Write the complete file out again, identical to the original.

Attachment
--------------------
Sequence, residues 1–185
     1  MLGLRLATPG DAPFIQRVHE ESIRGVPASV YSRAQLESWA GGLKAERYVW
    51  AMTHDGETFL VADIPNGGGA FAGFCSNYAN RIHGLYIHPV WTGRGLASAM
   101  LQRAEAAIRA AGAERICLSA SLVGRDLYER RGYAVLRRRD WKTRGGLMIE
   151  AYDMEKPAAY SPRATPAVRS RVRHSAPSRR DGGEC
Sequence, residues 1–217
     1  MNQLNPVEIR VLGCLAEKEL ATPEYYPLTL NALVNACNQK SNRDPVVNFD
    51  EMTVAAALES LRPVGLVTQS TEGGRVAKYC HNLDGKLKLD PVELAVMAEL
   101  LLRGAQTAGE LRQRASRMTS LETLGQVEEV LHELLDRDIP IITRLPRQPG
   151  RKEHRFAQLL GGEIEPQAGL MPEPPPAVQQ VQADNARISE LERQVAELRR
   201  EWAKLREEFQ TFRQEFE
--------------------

Sequence, residues 1–185
     1  MLGLRLATPG DAPFIQRVHE ESIRGVPASV YSRAQLESWA GGLKAERYVW
    51  AMTHDGETFL VADIPNGGGA FAGFCSNYAN RIHGLYIHPV WTGRGLASAM
   101  LQRAEAAIRA AGAERICLSA SLVGRDLYER RGYAVLRRRD WKTRGGLMIE
   151  AYDMEKPAAY SPRATPAVRS RVRHSAPSRR DGGEC
Sequence, residues 1–217
     1  MNQLNPVEIR VLGCLAEKEL ATPEYYPLTL NALVNACNQK SNRDPVVNFD
    51  EMTVAAALES LRPVGLVTQS TEGGRVAKYC HNLDGKLKLD PVELAVMAEL
   101  LLRGAQTAGE LRQRASRMTS LETLGQVEEV LHELLDRDIP IITRLPRQPG
   151  RKEHRFAQLL GGEIEPQAGL MPEPPPAVQQ VQADNARISE LERQVAELRR
   201  EWAKLREEFQ TFRQEFE